Tanker Wash USA serves Stockton CA with state-of-art foodgrade cleaning
Mar 1, 2005 12:00 PM
IT'S A TRUISM among real estate agents that the three most important considerations in choosing a property are location, location, location. Based on that, Tanker Wash USA must be perfectly positioned for success.
Affiliated with GKA Enterprises Inc, the three-bay foodgrade wash rack is in a prime location just off I-5 at the Charter Way exit and adjacent to the Port of Stockton, California. Of particular appeal to truck drivers, Tanker Wash USA lies within easy walking distance of restaurants, motels, and truck dealerships.
“We couldn't have asked for a better place to put a foodgrade wash rack in the Stockton area,” says Gary D Alegre, co-owner of Tanker Wash USA. He and his father, Frank Alegre, each own 50% of the venture. Gary also is president of GKA Enterprises Inc, a transload and tank truck operator that has its main office at the wash rack location.
“Large volumes of liquid and dry bulk edibles are hauled by truck throughout the Joaquin Valley, and that should translate into substantial tank cleaning business,” Gary adds. “Foodgrade cargoes moving in the Valley include sweeteners, flour, brewer's malt, yeast, wine, and edible oils. A significant amount of that traffic passes through the Stockton area. We're in the final stages of getting kosher certification for the wash rack, which should increase its appeal for food haulers.
“While foodgrade cleaning is the focus of this wash rack, we are looking at other activities including washout of aggregates — sand, fly ash, and cement — using a dedicated, self-contained system. We also plan to add a fueling operation in the next year to year-and-a-half.”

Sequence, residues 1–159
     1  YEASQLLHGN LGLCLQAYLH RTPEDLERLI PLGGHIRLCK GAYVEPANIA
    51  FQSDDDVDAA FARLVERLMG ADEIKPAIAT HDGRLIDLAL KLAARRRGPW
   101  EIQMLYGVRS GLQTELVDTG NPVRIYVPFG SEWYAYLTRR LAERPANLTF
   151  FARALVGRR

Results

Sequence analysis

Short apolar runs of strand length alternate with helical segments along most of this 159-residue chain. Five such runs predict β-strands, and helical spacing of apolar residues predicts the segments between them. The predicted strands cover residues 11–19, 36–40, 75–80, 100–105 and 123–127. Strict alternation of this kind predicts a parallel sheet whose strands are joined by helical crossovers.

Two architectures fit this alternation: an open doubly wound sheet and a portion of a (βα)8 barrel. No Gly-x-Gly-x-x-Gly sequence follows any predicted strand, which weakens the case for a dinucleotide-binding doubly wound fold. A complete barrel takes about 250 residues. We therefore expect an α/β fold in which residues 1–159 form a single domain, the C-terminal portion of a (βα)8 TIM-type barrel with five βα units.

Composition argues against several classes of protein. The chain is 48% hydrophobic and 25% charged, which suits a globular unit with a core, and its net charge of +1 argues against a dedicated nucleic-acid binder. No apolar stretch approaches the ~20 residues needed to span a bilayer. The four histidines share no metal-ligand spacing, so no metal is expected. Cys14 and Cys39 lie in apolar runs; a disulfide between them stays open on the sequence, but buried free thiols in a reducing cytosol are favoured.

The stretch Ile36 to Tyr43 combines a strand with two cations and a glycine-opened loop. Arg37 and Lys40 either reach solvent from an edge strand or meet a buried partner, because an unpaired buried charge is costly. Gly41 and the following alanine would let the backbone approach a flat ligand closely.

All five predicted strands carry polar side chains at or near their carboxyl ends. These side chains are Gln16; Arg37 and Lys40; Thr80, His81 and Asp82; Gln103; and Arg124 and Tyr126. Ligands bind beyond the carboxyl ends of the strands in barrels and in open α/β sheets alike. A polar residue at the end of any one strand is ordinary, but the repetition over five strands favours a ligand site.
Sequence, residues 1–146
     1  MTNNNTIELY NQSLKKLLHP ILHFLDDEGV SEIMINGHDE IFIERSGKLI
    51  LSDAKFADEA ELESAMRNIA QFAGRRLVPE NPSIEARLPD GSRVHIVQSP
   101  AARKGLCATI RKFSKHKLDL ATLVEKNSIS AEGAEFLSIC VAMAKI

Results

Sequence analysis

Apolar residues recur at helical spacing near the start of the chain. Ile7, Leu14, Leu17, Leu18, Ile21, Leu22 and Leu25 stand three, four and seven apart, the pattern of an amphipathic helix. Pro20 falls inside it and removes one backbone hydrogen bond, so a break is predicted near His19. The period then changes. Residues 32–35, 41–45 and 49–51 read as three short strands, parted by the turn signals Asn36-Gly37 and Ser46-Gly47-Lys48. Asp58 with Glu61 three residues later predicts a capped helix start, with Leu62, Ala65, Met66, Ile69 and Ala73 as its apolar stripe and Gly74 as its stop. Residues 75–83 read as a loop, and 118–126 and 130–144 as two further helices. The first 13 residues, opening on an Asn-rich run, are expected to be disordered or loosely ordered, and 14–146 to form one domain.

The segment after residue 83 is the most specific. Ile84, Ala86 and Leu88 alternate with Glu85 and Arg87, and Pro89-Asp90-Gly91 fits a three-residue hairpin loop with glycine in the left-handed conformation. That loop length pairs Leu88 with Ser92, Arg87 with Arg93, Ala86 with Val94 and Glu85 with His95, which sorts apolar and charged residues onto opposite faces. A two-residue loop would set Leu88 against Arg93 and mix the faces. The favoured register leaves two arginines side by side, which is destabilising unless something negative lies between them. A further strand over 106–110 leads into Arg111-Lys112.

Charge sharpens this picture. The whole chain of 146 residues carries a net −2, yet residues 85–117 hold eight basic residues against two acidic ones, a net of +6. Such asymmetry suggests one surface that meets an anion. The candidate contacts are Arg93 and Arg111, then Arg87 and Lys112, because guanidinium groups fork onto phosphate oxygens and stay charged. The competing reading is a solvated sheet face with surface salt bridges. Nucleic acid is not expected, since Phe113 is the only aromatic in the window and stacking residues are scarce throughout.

Gary and Frank spent years studying the foodgrade traffic flow as they planned the wash rack. “We started the planning back in 1998,” Frank says. “We had some hurdles to overcome, and we wanted to make sure we did everything the right way so that we can offer high-quality tank cleaning.”
Open since December 2004, the three-bay wash rack has been steadily expanding its cleaning volumes. While the rack is open to the public, most of the cleaning work has come from the GKA Enterprises fleet (45 trailers that are used to haul plastics, brewer's malt, bentonite, and wine wastewater). Flour trailers from the Frank C Alegre Trucking Inc fleet also are being cleaned. Alegre Trucking belongs to Gary's brother Tony.
GKA Enterprises hauls a thousand loads of flour each month in the California market. Alegre Trucking transports 600 to 700 loads of flour a month. Dry bulkers in flour service must be cleaned every seven days.
“Our fleets certainly have benefited from this new wash rack,” Gary says. “At GKA Enterprises, for example, we give tank cleaning a lot more attention now. The wash rack definitely has raised our fleet image.
“We're cleaning about 10 trailers a day right now, and the wash rack is open five to six days a week. Our goal in 2005 is to clean 25 tanks a day and be open seven days a week. As currently configured, the rack could handle a maximum throughput of 50 tanks a day.”
The three-bay wash rack sits on a three-acre site that is fenced and gated for security and fully paved. The fence is topped with razor wire, and security cameras are strategically placed around the facility. A concrete barrier completely surrounds the facility to contain spills.